Red Hot Chili Peppers drummer Chad Smith sees life as an avenue for constantly being creative.
He began playing the drums at age 7. He honed his skills through the legendary Detroit band Toby Redd and, since 1988, he’s been behind the kit for the Chili Peppers.
In between Chili Peppers album cycles, Smith has pursued a different kind of art—painting—since 2015. “The Art of Chad Smith” opens at EC Gallery in Solana Beach on Thursday, February 27, and runs through Sunday, March 1.
The six-time Grammy winner will make two meet-the-artist appearances at the gallery: 5 to 8 p.m. Saturday, February 29, and noon to 3 p.m. Sunday, March 1. All artwork will be on exhibition and available for acquisition. The exhibition as well as the Smith appearances are complimentary and open to the public. Reservations are required by calling 1.800.599.7111 or emailing email@example.com. A minimum purchase is required to spend individual time with Smith.
“This is my second collection of this kind of thing,” Smith says. “What attracted me to do this is the musical connection to it. What happens is I’m in a dark room—a pitch-black room—playing the drums with these fluorescent, light-up drumsticks. I’m improvising on the drums, playing different rhythms, and they photograph me with different shutter speeds and different angles.
“That’s how it starts. You get the fluidity and the flow and obviously the colors from the drumming part of it from the sticks. Afterward, with technology, they manipulate it in so many ways. To try to have it translate to a flat canvas, that’s the challenge I find fun and interesting.”
Smith and the folks from SceneFour come up with images they like, and the drummer embellishes it with paint and other objects.
“I wanted the power of how I play the drums—certainly rock music—to come across very explosively and with a lot of energy and bright colors,” he says. “That was the direction I was going for.
“As any artist, you want to grow and challenge yourself and change and take risks. That’s what I’m trying to do with this. It’s another creative outlet for me to express myself.”
Smith certainly isn’t without outlets, as he’s also performed with the likes of Glenn Hughes, Chickenfoot, Chad Smith’s Bombastic Meatbats, Joe Satriani, Ozzy Osbourne, Second Self, Wayne Kramer, John Fogerty and Fishbone.
Smith has been doing this since he was a child in Bloomfield Hills, Michigan. Self-taught, Smith was inspired by Rush, Black Sabbath, Led Zeppelin and Kiss. Upon graduating from Bloomfield Hills’ Lahser High School, he skipped college and went straight to clubs like the Token Lounge in Westland, Michigan, and St. Andrew’s Hall in Detroit.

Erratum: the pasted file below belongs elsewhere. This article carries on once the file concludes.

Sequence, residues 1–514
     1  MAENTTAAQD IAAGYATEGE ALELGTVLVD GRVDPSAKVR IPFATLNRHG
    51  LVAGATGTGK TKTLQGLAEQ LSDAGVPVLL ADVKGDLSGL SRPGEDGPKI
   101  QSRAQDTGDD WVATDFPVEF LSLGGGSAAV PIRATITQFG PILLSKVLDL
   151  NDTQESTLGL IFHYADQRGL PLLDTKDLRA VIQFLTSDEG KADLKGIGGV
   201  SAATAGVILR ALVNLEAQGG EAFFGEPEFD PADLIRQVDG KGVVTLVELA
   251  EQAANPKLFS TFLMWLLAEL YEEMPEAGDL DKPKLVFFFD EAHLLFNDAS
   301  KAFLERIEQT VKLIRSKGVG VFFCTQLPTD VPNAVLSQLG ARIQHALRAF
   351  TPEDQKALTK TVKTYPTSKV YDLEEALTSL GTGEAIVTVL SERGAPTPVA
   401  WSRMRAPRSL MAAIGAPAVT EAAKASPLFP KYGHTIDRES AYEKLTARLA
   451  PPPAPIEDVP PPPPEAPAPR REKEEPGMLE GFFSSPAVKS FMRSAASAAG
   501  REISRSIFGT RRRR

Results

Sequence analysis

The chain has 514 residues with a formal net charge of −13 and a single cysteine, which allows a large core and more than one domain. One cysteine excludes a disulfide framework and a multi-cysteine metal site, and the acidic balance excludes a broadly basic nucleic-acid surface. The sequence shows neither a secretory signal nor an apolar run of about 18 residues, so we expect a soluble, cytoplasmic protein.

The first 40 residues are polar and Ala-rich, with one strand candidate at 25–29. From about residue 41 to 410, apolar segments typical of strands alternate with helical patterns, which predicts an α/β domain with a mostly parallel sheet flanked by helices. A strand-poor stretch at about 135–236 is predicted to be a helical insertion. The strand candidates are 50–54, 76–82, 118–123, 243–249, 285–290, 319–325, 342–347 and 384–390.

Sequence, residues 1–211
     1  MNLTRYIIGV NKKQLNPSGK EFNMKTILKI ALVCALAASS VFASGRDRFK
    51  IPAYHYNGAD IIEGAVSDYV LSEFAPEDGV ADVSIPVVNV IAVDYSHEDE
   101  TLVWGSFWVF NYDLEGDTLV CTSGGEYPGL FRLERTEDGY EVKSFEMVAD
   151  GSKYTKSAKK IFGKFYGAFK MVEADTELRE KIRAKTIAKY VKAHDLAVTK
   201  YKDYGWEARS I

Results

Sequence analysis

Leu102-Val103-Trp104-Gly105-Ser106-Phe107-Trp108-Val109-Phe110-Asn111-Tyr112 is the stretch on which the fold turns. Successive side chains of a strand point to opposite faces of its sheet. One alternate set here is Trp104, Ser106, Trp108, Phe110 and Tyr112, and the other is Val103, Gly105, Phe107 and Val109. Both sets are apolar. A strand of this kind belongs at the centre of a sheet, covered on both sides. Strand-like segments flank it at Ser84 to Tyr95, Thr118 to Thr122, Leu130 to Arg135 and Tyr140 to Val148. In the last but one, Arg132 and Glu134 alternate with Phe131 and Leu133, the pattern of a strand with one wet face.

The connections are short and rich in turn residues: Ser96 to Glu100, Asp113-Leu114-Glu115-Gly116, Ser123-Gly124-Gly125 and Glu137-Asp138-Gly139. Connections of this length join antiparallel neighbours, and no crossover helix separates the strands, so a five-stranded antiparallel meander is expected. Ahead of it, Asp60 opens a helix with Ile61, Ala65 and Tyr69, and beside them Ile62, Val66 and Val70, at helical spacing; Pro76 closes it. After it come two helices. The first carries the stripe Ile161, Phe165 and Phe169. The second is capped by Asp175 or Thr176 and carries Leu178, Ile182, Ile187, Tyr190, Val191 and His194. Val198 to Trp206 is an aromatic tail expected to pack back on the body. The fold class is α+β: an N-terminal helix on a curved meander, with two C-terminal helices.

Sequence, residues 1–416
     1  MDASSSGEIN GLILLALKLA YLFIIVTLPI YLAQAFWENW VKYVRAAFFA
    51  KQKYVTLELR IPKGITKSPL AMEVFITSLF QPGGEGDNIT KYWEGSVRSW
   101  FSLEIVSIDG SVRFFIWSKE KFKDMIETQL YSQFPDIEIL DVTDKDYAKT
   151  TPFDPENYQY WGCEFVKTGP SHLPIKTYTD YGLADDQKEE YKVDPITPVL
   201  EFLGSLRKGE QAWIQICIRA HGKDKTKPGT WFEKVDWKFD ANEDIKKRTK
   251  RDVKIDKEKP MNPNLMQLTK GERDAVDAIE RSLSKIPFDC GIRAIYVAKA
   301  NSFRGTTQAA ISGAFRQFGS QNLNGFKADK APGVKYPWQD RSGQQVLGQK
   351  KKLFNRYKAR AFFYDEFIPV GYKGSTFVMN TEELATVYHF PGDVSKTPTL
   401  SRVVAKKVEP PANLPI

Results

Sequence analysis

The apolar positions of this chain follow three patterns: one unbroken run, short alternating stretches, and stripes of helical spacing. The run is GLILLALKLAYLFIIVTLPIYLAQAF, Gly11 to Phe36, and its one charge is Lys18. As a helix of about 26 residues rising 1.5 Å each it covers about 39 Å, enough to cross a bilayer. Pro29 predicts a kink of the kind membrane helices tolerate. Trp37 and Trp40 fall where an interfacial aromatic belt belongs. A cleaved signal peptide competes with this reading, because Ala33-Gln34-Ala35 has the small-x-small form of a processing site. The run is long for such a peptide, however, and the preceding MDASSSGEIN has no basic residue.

“I was so lucky right out of high school. I was so fortunate to have that experience,” says Smith, whose mom still lives in his childhood home.
“I loved it. I was 18 years old, playing six nights a week. That’s really where I put my 10,000 hours, so to speak. I thought I just wanted to be a professional musician. I didn’t want to go to college. I wanted to start playing music right away.”
Smith moved to California in late 1988 after auditioning nearly last for the Red Hot Chili Peppers. Within a few months of being hired, he started recording his first album with them, “Mother’s Milk.” The quartet musically hit it off immediately.
The RHCP found mainstream success two years after “Mother’s Milk” with the album “Blood Sugar Sex Magik,” which spawned the hits “Give It Away,” “Under the Bridge,” “Breaking the Girl” and “Suck My Kiss.” “Give It Away” won the 1992 Grammy Award for Best Hard Rock Performance with Vocal.
Smith is proud of his work in Detroit with Toby Redd and beyond.
“I’m glad that was in Detroit,” he says. “I love Detroit. It’s such a great music town. When I moved to California after eight years of doing that, I joined the Chili Peppers. It was opportunity and luck. I was prepared.
“I’ve been so fortunate to have played music since I was 7 years old. I love it and I’m more passionate about it today than I ever have been. I’m trying to come up with interesting and new ways to be an artist. This is one of them.”
Smith isn’t sure why he feels this way about music.
“I don’t know,” he says with a laugh. “I’m a student of music. I want to learn. I don’t think you can ever stop learning if you want to grow and change and get better at anything.
“Being a musician or a friend or a bandmate or husband, you just have to keep trying to evolve. I’m not always successful at that, but that’s life. We’re human beings and we learn and grow from that. Being in one band for a long time, it’s really important to keep moving and doing new things and challenging yourself. That’s the arc of living and life, I think—being conscious and open to stuff and other people’s ideas, the world around you, from kids to politics.”
The Red Hot Chili Peppers’ dynamic recently changed when Josh Klinghoffer was replaced by former guitarist John Frusciante, who recorded five studio albums with the band.
“We have a special thing, the four of us,” says Smith, whose band is writing a new album. “I think people were more surprised than anything when they heard the news. I was (surprised) at first that he wanted to come back and rejoin the band.
“People love this lineup—the ‘classic’ lineup of the Red Hot Chili Peppers. People are excited, as we are. We do have a thing, the four of us. We were put on this universe to make this music. It’ll be another chapter. It’s exciting. It’s a chance to grow and make something new.”